In our fast-moving world of digital marketing, most articles written two and a half years ago are ancient and outdated. But that’s not the case for Ben Wood’s “The End of Dumb Digital Marketing.” Wood, now the director of agencies for Facebook, was the global president of the iProspect network, one of the largest digital marketing firms in the world, when he penned the piece in 2014 for Admap. It remains one of the most influential pieces I have read.
The basic premise is that brands have yet to fully embrace online media’s unique role in fully-integrated campaigns designed to drive engagement, awareness and equity. It encourages us to use and measure digital in a broader ecosystem of both online and offline strategies that collectively address the consumer’s complete buying journey.
My key takeaways from the article:
- Data utilization often falls down where the customer journey crosses between online, mobile and offline channels, and therefore the loop is not closed. Money is wasted and the consumer is confused by the purpose of the advertising. In the worst cases, the consumer is annoyed and brand equity is eroded.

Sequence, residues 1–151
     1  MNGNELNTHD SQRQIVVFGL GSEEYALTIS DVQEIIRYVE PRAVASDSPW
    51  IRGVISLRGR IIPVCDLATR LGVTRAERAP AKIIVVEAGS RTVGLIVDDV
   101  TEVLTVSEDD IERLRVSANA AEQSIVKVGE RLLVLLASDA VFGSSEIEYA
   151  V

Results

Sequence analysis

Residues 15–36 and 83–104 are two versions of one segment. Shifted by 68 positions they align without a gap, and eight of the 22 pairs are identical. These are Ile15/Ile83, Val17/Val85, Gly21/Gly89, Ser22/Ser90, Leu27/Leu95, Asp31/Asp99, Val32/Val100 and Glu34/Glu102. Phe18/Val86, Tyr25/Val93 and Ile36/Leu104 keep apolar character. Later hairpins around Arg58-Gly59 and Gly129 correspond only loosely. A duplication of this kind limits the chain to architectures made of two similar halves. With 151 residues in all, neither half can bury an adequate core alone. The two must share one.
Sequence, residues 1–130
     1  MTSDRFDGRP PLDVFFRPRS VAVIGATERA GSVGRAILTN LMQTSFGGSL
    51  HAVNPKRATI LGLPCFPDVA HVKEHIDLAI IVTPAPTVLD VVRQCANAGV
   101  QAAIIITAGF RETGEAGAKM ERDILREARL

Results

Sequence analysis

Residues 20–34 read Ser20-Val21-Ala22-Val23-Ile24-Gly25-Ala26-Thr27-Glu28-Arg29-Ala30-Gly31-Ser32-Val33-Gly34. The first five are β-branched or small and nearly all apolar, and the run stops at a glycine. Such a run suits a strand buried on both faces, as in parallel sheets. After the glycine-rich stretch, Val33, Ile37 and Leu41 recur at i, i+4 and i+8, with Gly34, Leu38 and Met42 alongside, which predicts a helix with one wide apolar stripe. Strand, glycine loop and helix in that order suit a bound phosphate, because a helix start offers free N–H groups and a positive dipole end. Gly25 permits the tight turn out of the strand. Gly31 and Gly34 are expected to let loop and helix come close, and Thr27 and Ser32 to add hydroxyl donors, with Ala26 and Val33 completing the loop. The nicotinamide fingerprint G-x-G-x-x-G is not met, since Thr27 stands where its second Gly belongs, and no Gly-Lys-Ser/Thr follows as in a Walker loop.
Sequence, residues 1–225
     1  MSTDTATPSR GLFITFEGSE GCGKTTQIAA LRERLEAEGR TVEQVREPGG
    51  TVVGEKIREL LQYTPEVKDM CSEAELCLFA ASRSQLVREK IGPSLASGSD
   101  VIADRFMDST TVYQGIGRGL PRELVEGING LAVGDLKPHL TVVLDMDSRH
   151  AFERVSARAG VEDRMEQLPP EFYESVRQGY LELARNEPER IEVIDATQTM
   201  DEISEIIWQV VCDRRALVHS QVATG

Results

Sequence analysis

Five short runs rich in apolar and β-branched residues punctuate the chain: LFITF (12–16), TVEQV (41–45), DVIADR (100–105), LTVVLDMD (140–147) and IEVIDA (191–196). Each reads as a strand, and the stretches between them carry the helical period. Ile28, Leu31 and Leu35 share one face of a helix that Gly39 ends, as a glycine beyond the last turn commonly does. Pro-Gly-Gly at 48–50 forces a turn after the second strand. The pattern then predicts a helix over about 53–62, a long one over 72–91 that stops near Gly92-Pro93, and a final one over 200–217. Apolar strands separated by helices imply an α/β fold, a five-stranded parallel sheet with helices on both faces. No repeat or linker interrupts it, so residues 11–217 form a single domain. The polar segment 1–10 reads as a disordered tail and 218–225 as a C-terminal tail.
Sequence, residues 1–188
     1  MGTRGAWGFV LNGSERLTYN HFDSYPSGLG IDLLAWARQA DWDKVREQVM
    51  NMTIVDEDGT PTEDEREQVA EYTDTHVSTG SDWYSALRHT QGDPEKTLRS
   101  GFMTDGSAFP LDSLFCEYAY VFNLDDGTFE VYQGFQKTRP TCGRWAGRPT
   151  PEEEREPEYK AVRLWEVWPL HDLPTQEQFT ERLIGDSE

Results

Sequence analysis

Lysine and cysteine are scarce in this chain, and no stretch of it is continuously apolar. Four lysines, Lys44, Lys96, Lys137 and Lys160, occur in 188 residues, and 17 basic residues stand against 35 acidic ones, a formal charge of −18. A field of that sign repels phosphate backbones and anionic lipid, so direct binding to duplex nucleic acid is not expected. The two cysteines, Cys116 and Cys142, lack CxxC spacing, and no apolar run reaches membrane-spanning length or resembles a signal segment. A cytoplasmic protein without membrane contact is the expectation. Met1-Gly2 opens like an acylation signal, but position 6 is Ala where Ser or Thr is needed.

- Campaign optimization must wrap around the whole journey. Working to the last digital click only optimizes channels at the bottom of the funnel. This grossly oversimplifies the complete customer journey and attributes zero value to those channels driving awareness and engagement earlier in the journey.
- The smartest operators in attribution spend time understanding all the outcomes from digital advertising, both those that convert as well as those that do not, to truly understand the integrated effect of the campaign.
- Digital gets the credit for most conversion, but needs to be appraised as the endpoint in a much more complex consumer journey.
- Search and retargeting don’t work without brand equity.
- In the data- and technology-driven world of digital advertising, those brands and agencies that win are the ones best able to embrace science and combine it with art – the intangible magic that only people can bring.
Wood’s advice may be older in “digital years”, but his message is still relevant and worth remembering.